Susan Conant Analysis


(Masterpieces of Fiction, Detective and Mystery Edition)

Susan Conant published her first dog mystery, A New Leash on Life, in 1990, a year before authors Sue Henry and Mary Willis Walker published crime novels depicting female dog training sleuths and working dogs. Although some critics identify Conant as initiating the dog mystery genre, she and her writing peers had prior literary canine-related mystery inspirations, including Sherlock Holmes. In 1983 Barbara Moore wrote The Doberman Wore Black, which featured a veterinarian sleuth assisted by a dog. Nonetheless, Conant established herself as a leading author in that subgenre.

Scholars have generally ignored Conant’s contributions to the mystery genre. Although some critics have found fault with Conant’s writing style, particularly her plotting and development of mystery elements, others have praised her dialogue, depictions of settings, and characterizations, which became more complex and admirable as her writing matured. Her fan base assured Conant of consistent commercial success, and she continued to produce new dog mysteries annually. In 2005, Conant’s reputation as an author who delivered satisfying stories to readers interested in dog mysteries resulted in her introducing a series for cat enthusiasts. Her success also enabled her to pursue writing mysteries with her daughter, addressing a lifestyle and cultural interests unlike those readers experienced in her animal-themed novels.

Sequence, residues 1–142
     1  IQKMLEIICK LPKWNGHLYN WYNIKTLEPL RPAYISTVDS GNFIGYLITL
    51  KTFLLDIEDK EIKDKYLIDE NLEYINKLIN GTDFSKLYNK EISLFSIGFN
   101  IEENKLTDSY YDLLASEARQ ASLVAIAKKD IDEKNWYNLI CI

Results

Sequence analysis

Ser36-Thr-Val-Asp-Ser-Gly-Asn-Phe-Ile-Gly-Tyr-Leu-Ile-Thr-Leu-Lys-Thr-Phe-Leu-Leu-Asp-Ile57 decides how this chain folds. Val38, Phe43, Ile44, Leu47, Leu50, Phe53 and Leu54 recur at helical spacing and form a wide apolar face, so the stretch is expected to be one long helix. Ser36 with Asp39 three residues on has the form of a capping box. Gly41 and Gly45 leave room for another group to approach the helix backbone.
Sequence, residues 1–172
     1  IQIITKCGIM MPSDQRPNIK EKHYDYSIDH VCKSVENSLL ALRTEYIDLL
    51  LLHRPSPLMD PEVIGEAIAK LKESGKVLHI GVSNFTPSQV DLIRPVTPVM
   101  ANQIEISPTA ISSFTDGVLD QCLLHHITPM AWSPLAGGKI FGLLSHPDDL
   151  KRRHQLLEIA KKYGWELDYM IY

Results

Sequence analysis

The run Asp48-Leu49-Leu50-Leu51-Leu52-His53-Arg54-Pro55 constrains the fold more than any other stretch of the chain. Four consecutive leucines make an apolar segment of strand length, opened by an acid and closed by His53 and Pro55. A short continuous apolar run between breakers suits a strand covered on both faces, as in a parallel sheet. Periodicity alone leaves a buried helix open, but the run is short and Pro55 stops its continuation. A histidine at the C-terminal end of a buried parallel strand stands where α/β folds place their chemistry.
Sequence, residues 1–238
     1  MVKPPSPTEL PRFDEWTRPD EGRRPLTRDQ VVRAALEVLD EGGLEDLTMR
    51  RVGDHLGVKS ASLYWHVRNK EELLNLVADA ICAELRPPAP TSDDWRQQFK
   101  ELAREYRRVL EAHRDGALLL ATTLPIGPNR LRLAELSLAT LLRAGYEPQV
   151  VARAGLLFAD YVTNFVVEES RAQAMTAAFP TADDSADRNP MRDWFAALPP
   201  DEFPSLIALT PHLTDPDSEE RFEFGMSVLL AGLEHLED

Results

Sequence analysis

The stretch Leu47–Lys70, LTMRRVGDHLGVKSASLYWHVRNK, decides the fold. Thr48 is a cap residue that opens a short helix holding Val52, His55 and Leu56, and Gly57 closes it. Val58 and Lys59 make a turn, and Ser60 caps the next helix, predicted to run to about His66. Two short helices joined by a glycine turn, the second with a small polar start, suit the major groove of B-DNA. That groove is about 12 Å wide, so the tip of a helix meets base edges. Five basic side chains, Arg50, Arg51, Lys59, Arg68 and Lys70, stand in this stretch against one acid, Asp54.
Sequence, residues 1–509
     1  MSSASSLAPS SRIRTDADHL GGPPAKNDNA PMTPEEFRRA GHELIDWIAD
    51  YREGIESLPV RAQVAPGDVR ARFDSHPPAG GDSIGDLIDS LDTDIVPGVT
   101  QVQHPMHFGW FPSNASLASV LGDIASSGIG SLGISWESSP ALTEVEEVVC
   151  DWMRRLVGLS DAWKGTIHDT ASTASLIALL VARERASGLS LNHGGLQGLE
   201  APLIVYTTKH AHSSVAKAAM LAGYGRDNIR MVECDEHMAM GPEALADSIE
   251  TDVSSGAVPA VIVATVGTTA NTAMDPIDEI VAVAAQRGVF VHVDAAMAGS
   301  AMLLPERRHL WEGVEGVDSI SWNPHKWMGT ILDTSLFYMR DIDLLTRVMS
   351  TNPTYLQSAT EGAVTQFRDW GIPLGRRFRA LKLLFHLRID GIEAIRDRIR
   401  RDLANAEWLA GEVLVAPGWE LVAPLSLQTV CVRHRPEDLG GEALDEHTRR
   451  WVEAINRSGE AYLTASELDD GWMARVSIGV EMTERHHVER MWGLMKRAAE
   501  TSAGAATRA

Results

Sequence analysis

Conant has striven to introduce readers to the dog world and educate them regarding topics and issues that might otherwise be unfamiliar to them. The Dog Writers’ Association of America has rewarded Conant’s works with its Maxwell Award several times.


(Masterpieces of Fiction, Detective and Mystery Edition)

Beegan, Daniel. “Her Life’s Work: Going to the Dogs, Books Feature Canines, People in Their Lives.” St. Louis Post-Dispatch, June 6, 1994, p. 3E. An Associated Press feature profile based on an interview with Conant, which provides biographical information and addresses her goal to educate people regarding dogs through her mysteries.

Conant, Susan. “Mysterious Presence.” Radcliffe Quarterly 83, no. 4 (Spring, 1998): 11. Conant compares her research and fiction writing, emphasizing the pleasure of being an academic turned novelist, and discusses her difficult relationship with her mother.

Dale, Steve. “Cover to Cover with Mystery Writer Susan Conant.” Dog World 90, no. 5 (May, 2005): 24-25. Includes personal details about Conant based on conversations with her and her friends and reveals some of her inspirations for her characters and settings.

Heising, Willetta L. Detecting Women: A Reader’s Guide and Checklist for Mystery Series Written by Women. 3d ed. Dearborn, Mich.: Purple Moon Press, 2000. Lists include Conant’s books with a brief biography, placing her in context with other dog writers.

Klein, Kathleen Gregory, ed. Great Women Mystery Writers: Classic to Contemporary. Westport, Conn.: Greenwood Press, 1994. Brief sketch of Conant concluding with literary criticism of her early novels.